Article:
American white pelican (Pelecanus erythrorhynchos) Its arrival is a sign of spring arriving.

This Upland area is home to waterfowl, such as the common loon (Gavia immer), red-breasted merganser (Mergus serrator), as well as other ducks, and geese on the many lakes of the region. The raven (Corvus corax), spruce grouse, gray jay (Perisoreus canadensis), Connecticut warbler (Oporornis agilis), northern three-toed woodpecker (Picoides dorsalis), Osprey (Pandion haliaetus) and hawk owl (Surnia ulula) can be sighted in the boreal forests.[58][59][60] The Mid-Boreal Upland ecoregion features these characteristic birds: white-throated sparrow (Zonotrichia albicollis), red-tailed hawk (Buteo jamaicensis), American redstart (Setophaga ruticilla), bufflehead (Bucephala albeola), ovenbird, (Seiurus aurocapillus) and hermit thrush (Catharus guttatus).[35][36] The ruffed grouse (Bonasa umbellus), Canada warbler (Wilsonia canadensis), ruby-crowned kinglet (Regulus calendula) and white-breasted nuthatch (Sitta carolinensis), American white pelican(Pelecanus erythrorhynchos) are common sightings in the Mid-Boreal Lowland ecoregion.[38][40][61][58]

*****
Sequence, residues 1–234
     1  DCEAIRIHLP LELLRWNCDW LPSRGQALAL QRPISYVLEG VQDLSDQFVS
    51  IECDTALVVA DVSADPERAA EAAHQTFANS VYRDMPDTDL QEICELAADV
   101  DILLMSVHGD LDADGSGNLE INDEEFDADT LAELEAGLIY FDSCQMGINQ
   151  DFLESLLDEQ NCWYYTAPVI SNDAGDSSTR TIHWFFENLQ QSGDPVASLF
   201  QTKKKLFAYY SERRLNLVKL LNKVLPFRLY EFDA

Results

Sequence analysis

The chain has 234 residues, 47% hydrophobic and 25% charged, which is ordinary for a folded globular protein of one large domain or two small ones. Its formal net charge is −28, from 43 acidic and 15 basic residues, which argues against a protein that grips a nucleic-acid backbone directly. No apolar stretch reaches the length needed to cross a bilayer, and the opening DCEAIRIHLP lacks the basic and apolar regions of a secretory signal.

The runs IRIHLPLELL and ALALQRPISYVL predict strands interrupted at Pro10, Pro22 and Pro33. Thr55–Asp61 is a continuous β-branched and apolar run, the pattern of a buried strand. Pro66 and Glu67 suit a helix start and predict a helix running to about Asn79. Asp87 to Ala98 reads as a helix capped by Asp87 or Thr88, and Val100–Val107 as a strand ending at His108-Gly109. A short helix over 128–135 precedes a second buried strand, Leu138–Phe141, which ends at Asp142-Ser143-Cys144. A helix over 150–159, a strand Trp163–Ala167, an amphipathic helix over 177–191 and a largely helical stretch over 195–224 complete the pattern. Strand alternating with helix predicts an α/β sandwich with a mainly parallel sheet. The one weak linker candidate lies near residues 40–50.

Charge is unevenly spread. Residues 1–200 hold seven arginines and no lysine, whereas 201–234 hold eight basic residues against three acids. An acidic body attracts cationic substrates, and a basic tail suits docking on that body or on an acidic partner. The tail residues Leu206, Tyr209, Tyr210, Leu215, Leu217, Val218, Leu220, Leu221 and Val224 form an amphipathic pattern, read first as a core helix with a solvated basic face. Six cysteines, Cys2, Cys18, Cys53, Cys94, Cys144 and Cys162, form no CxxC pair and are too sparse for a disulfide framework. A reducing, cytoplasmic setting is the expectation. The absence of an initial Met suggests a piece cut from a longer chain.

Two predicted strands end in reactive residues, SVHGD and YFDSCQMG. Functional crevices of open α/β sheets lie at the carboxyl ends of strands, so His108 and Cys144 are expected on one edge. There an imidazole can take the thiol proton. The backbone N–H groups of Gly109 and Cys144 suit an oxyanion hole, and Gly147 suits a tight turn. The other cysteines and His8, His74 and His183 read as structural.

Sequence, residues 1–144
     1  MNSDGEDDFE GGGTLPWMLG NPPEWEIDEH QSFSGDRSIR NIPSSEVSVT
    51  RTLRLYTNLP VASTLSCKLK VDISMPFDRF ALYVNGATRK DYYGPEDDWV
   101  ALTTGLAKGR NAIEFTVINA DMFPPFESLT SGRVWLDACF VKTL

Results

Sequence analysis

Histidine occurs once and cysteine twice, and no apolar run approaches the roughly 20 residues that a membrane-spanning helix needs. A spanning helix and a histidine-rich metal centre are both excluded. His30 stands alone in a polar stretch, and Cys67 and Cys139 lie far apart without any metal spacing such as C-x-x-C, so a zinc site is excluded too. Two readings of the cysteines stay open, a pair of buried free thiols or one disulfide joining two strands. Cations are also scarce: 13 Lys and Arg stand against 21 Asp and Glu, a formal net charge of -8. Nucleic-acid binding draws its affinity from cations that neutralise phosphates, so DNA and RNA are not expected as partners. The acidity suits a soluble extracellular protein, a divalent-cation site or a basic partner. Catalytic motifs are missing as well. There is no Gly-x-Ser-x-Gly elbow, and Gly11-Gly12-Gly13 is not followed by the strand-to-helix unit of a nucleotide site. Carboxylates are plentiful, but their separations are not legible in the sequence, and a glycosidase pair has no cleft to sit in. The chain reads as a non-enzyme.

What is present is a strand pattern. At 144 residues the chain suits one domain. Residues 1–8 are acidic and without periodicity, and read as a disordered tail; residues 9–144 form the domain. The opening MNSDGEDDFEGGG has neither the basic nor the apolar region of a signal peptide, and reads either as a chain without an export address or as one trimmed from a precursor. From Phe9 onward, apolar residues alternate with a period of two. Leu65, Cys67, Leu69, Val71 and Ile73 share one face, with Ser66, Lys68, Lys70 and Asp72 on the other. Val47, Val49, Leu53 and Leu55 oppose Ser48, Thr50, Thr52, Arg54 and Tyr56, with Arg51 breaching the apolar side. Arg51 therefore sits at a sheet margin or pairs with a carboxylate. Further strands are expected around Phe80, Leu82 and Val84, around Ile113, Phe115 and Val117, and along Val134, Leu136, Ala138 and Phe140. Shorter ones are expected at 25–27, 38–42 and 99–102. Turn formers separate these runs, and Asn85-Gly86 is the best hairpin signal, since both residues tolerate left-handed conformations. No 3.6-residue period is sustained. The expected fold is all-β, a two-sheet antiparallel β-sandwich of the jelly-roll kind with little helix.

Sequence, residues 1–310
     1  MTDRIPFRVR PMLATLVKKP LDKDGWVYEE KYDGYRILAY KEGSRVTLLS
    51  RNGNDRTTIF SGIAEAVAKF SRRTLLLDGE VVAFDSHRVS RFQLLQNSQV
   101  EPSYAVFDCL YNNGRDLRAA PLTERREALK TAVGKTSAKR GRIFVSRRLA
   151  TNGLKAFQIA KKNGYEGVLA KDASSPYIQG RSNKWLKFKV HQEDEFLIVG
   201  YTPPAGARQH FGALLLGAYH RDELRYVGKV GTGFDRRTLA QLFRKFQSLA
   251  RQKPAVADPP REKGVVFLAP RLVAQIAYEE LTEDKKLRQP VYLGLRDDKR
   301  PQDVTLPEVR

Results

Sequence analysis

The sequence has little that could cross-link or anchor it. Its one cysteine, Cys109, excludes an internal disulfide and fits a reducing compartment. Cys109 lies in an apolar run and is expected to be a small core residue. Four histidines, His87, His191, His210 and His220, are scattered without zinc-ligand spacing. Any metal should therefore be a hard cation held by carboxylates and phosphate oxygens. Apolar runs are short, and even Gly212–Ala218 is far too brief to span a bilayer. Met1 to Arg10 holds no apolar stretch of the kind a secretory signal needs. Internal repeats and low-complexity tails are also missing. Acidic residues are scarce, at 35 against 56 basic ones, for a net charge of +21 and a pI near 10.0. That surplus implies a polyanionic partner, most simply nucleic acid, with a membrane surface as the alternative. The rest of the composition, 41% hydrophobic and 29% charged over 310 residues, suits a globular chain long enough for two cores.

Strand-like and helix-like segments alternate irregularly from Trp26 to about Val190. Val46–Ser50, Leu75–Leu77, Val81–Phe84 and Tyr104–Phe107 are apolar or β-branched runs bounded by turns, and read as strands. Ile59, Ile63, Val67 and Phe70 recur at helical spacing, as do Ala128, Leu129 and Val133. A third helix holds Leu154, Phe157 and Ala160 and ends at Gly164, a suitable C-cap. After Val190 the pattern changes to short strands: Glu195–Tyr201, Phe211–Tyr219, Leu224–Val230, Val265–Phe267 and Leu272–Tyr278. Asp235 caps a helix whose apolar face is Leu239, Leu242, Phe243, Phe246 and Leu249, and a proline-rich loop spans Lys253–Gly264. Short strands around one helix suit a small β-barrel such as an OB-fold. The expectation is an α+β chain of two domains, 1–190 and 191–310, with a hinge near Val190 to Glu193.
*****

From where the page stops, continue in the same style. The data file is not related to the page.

Diverse bird species populate the Boreal Transition ecoregion such as black and white warbler (Mniotilta varia), boreal chickadee (Poecile hudsonicus), great-crested fly-catcher (Myiarchus crinitus) and neotropical migrant bird species.[39][39][40][41][41][42][42] The predominant avifauna of the Aspen Parkland are house wren (Troglodytes aedon), least flycatcher ( Empidonax minimus), yellow warbler (Dendroica petechia) and western kingbird (Tyrannus verticalis). sharp-tailed grouse (Tympahuchus phasianellus), ruffed grouse (Bonasa umbellus), black-billed magpie (Pica pica), cormorant (Phalacrocorax spp.), ring-billed gull (Larus delawarensis), glaucous-winged gull (Larus glaucescens) and neotropical migrant bird species. The Aspen Parkland with its many sloughs and saline lakes provides breeding grounds for ducks and other waterfowl, black Tern (Chlidonias niger), Forster's tern (Sterna forsteri), American white pelican.[4][43][44][46]